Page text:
Your eyes shoot open. No. It's fine, just a little tickle in her throat. She's fine.

Cough cough cough.

Nope, it's fine. If I lay here and don't move nothing will be...

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“MOOOOOOMMMMMMYYYYYYYYY I don't feeeeeeel goooooooood."

Sigh.

You break out the humidifier, the Tylenol and the snuggles. And then comes the inevitable question—can they go to school tomorrow? It's not an easy question to answer, for sure.

On the one hand, kids are basically walking booger factories at all times—if we kept them home for every sneeze and cough they'd never go to school. On the other hand, we don't want to put our kids in a situation where they could get sicker—or make other kids sick.

When in doubt, you should always give your pediatrician a call for guidance. Most schools have policies on it as well.

But as a general rule of thumb, here's what to know when your child isn't feeling well:

On fevers

The most clear cut of all symptoms are fevers—if they have a fever, they stay home. A fever is any temperature of 100.4 Fahrenheit or greater. A child needs to be fever-free for a full 24-hours before they can return to school.

Note: If your newborn has a fever she needs medical attention right away. It could be an emergency.

On stuffy noses and coughs

A mildly stuffy nose, or an occasional cough isn't enough to warrant a day off from school. But if the mucus is really thick and/or the cough is frequent, loud, or just sounds “gross," it's probably best to keep her home.

Coughs can linger for a long time in children, but if it persists for several days, or she has a fever with it, give your doctor a call. If the cough sounds like a seal barking, and certainly if she is having any trouble breathing, get medical attention right away.

On tummy troubles

Or as my daughter's preschool teacher called it, “intestinal mischief." If your child is vomiting or has diarrhea, they should stay home (and should stay home for 24 hours after the last incident). Make sure everyone at home washes their hands really well, as stomach bugs tend to be very contagious.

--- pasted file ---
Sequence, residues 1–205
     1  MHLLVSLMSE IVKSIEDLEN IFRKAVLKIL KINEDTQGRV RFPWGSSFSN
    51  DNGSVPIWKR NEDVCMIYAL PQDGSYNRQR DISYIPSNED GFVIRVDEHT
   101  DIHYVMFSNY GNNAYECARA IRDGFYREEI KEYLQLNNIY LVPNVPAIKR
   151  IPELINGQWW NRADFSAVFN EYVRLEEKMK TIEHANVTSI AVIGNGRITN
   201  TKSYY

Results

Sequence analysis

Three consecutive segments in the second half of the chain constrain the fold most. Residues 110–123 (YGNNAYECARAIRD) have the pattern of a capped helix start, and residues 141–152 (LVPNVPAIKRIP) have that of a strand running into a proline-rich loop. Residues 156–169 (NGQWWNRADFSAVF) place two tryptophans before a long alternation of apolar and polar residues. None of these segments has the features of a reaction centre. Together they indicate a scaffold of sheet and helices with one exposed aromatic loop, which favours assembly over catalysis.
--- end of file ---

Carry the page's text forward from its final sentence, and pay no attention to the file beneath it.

Remember to encourage your child to drink lots of fluids. If they aren't drinking, call your doctor right away.

On skin issues

This can be tricky—between marker explosions, dry skin and rashes, it seems like my kids' skin looks different every day. Rashes are almost impossible to diagnose over the phone, so if you are concerned, they'll need to be evaluated by their doctor to help determine the cause (and contagiousness) of the rash.

If you suspect your child has lice, they should stay home as well—and you'll probably have to give the school a call so they can ANONYMOUSLY alert the other parents.

Along the same lines is the dreaded conjunctivitis, or pink eye. Usually your child (or lucky you) will wake up with their eyelids crusted shut, or they'll have a very pink eye with lots of goop (sorry—but we're all moms here, we can handle the eye goop convo right?)

This is highly contagious, so they should for sure stay home from school. Depending on if it's viral or bacterial, you doctor may prescribe medicine that clears it up quickly.

On pain

This one is tough—kids often complain about various boo-boos, especially when it means that they get a Frozen Bandaid out of the deal. If they complain of pain persistently, if the pain prevents them from playing, and of course if you witness a bad injury, keep them home and get medical help right away.

Remember that you know your child best. Ultimately, you get to make the decision. Your pediatrician will be there to guide you, and one day, ONE DAY, you really will get that whole to-do list tackled... we think?

You've got this.